No. The hire purchase business has legal responsibility (under the hire purchase contract) for the quality of the goods, so it is obliged to put things right for the consumer if there are problems with quality. What "putting things right" means will, of course, depend on the individual facts of the case.
The goods I got on hire purchase belong to me - I can do what I like with them.
No. Consumers who obtain goods on hire purchase do not own them, unless they exercise the ownership option at the end of the hire purchase term (which may involve an additional payment over and above the monthly hire purchase instalments).
Hire purchase agreements typically place restrictions on what the consumer can do with the goods during the term of the hire purchase agreement - particularly in relation to altering or modifying them.
If problems arise because of changes the consumer has made to the goods without the agreement of the hire purchase business, then the business is unlikely to have any responsibility to put things right. It may even mean the business is entitled to be compensated by the consumer, if the changes cause damage to the goods.
Most of the complaints we see about the quality of motor vehicles bought using consumer credit involve either hire purchase or a "point of sale loan" (a type of loan arranged through, and paid directly to, the supplier of the goods - and usually called "fixed-sum loan agreements" in the motor finance trade).
But we also see complaints from consumers who have bought vehicles using credit cards.
Under all these types of consumer credit, the loan, credit card or hire purchase business may be liable to put things right for the consumer if there is a problem with the quality of the vehicle. For hire purchase this is because the satisfactory quality of goods is a term of the hire purchase agreement. For fixed-sum loans, it is because the transaction is covered by section 75 of the Consumer Credit Act 1974.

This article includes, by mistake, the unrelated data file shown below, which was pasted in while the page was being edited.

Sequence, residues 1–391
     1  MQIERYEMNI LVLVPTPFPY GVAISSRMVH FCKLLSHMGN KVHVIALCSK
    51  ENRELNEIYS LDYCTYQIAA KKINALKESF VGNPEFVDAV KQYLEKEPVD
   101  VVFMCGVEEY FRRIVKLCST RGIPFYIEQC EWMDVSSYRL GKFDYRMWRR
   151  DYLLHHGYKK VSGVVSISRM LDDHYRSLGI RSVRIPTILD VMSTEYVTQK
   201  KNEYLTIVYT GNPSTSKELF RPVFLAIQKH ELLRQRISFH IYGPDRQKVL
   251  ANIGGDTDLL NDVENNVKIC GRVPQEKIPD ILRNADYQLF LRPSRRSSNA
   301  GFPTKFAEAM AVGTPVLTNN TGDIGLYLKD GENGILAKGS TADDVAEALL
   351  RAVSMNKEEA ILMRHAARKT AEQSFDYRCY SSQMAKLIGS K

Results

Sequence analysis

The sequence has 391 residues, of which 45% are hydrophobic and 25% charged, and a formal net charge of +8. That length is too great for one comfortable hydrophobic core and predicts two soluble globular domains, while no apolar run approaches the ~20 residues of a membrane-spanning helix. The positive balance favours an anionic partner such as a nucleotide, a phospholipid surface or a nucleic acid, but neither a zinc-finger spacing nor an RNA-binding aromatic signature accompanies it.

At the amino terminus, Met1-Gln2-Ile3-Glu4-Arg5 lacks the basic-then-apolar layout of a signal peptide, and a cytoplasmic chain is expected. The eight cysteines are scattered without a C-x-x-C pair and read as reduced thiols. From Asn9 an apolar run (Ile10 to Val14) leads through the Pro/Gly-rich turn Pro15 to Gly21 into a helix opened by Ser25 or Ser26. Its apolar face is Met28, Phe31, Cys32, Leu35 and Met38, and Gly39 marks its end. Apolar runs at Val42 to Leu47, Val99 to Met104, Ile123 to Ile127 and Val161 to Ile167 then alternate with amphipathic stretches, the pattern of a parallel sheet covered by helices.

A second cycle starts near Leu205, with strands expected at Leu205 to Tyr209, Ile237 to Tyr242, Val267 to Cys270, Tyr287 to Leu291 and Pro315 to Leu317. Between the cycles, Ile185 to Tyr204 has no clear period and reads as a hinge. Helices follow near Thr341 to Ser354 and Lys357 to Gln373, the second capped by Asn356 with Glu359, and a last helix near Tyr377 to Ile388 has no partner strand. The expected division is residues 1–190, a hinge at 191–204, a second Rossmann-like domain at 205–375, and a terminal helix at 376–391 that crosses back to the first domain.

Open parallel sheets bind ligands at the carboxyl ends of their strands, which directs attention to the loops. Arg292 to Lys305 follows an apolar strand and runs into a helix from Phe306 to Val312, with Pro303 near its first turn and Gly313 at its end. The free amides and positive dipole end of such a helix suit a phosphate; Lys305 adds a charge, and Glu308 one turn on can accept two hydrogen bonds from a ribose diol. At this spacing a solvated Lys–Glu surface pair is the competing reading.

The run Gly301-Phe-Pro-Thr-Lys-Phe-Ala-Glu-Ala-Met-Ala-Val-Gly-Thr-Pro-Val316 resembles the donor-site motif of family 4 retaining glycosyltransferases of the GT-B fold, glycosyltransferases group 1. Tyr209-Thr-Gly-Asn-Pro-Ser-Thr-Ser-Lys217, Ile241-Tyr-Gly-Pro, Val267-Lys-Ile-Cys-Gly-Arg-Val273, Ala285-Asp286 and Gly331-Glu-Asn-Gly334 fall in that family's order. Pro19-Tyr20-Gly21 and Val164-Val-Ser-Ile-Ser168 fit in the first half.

Where something goes wrong with a motor vehicle bought with credit, consumers often contact the garage they got the car from - as the first step in getting things put right. This can often be the sensible first step, to see whether things can be sorted out quickly and easily.
In the complaints we see, the consumer is often of the view that the garage did not put things right. Or there may be a series of problems, requiring repeated visits to the garage, going beyond what the consumer feels they could reasonably be expected to accept.
Where this happens, the consumer may be uncertain whether to pursue the complaint with the hire purchase or loan business or with the garage - and which business to complain about to us, if things remain unresolved.
We find that some hire purchase and loan businesses strongly encourage consumers to complain to the garage - sometimes suggesting (mistakenly) that any problem with the quality of the vehicle is not something they can help with.
Complaints about the quality of the vehicle can only be brought to the ombudsman service as complaints against the provider of the credit, not as complaints against the garage.
We also consider complaints against credit providers from consumers who say they bought a vehicle because the garage misled them about something important - for example, significantly understating the mileage of the vehicle.
The garage itself will be covered by the ombudsman only in relation to any consumer credit activity it carries out. Usually this will be for credit broking (arranging the hire purchase or loan). This means we can consider complaints directly about the garage only if they involve the way the consumer credit was arranged - and are not about the quality of the vehicle obtained with the consumer credit.
Consumers are entitled to expect a brand-new vehicle to be free from even minor faults, including cosmetic ones.
But the position is different where a consumer buys a used vehicle. Vehicles suffer from wear and tear during their working life and the price of a used vehicle is expected to take this into account.
Regardless of its age and price, a used vehicle must have a working engine and be safe to drive, unless it is sold with a clear statement to the contrary.
Consumers are entitled to expect that all vehicles sold will be of "satisfactory quality". What constitutes satisfactory quality for a vehicle will usually depend on all the relevant circumstances, including: